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4 of 4 people found the following review helpful
5.0 out of 5 stars An astounding work, 7 Feb. 2012
By 
K. Withnail (United Kingdom) - See all my reviews
(REAL NAME)   
This review is from: The Crises of Multiculturalism (Paperback)
This book is an astounding piece of scholarship.
Every page is crammed with pin-point analysis of nearly every single book on the topic. Check their bibliography - it's twenty-four pages long. Yes, it's dense, yes, its arguments are heavily nuanced and complex. But of course it is - this is a field that for the last twenty years has been steadily dominated by staid, lumpen critiques with the simplicity of a housebrick, as the authors themselves say in the first chapter, where they state that the complexity of the book is a deliberate, considered response to this.
And frankly it is far more readable than the absurd caricature of the below review suggests, whose author has purposefully picked what they found the most difficulty with to quote. There are some scintillating sentences in this book, not only readable, but with the weight of scholarship behind them, positively uplifting. Consider "...the primary 'recited truth' of crisis politics: that 'race' is a fiction, and racism, when it is discussed is dismissed as a fraught, accusatory moralism", or "The progressive yardsticks waved at migrants, who are always already presumed backward, belies the fact that there are few Western states whose legal practices and clusters of dominant opinion are as liberal as their rhetoric when it comes to feminism and LGBT rights.".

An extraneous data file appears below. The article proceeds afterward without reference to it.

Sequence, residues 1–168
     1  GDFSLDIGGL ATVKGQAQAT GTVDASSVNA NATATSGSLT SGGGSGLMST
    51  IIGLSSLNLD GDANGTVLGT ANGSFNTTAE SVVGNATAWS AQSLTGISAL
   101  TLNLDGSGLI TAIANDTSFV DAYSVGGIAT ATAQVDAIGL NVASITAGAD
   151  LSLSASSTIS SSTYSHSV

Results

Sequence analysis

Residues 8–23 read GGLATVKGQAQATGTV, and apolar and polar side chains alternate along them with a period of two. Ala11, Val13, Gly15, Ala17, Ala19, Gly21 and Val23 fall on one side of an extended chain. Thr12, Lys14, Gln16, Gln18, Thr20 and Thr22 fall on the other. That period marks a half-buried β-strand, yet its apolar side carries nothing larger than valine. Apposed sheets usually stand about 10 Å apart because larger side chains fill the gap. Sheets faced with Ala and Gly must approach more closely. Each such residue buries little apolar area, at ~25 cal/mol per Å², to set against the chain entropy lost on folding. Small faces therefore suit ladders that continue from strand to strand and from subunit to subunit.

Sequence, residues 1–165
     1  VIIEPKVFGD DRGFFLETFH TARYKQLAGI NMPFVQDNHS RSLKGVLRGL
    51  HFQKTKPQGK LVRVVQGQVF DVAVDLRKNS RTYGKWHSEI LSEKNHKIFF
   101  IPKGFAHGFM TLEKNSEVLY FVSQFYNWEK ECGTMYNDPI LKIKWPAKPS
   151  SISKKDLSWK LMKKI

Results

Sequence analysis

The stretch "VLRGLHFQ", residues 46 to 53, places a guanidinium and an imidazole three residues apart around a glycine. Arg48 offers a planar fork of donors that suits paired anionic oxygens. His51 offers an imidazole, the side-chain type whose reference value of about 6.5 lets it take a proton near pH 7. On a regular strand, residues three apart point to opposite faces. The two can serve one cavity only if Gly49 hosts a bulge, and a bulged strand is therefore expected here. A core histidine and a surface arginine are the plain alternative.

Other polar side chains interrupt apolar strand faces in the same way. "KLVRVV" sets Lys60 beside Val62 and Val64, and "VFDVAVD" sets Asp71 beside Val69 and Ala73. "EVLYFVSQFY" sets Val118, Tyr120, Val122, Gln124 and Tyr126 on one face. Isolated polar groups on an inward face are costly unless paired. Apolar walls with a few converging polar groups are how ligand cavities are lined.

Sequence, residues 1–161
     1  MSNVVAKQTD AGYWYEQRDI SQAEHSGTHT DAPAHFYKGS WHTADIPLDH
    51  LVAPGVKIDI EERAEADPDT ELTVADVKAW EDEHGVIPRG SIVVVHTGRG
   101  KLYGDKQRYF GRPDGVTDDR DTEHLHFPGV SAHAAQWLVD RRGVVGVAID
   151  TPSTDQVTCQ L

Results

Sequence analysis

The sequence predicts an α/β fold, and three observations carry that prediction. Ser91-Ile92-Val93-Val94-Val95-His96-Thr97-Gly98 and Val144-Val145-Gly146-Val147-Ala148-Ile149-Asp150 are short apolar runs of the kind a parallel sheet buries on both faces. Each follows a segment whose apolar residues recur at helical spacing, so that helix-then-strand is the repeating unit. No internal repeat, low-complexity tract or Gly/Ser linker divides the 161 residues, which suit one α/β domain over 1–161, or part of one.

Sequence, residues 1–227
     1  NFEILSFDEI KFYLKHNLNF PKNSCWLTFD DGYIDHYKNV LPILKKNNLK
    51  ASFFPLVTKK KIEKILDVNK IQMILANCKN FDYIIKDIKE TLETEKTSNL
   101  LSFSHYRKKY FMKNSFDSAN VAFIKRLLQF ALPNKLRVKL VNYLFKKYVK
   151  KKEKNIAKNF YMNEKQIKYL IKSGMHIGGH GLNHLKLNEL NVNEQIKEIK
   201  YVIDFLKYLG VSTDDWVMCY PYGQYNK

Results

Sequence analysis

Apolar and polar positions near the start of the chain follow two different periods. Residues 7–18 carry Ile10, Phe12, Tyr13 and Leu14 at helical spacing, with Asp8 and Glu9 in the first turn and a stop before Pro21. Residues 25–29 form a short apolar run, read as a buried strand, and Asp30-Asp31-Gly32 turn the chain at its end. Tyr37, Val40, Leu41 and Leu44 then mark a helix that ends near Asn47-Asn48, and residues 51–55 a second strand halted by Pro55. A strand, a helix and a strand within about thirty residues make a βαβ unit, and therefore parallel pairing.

I have yet to find a serious argument advanced about multiculturalism that is not dealt with capably and concisely in this book. It is one of the best pieces of work about the subject that I have ever read, and certainly in the last twenty years. Lentin and Titley should feel very proud of themselves - this is essential reading, indeed a definitive work.
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3 of 3 people found the following review helpful
5.0 out of 5 stars Dense - but worth all of it., 7 Feb. 2012
By 
Miss N. Doshi (UK) - See all my reviews
(REAL NAME)   
This review is from: The Crises of Multiculturalism (Paperback)
The Crises of Multiculturalism tells the rise of Islamophobia, conveniently disguised by the left and right as the failings of 'multiculturalism'. With references to Britain's internal race politics, the tail ends of the Cold War, 9/11 all the way until present - Lentin and Titley detail how "liberalism" has appropriated the grounds of "liberation", pushing the identity politics out of the political mainstream. Racism and xenophobia are back in the ballgame, but on the most part, it's covert and illicit.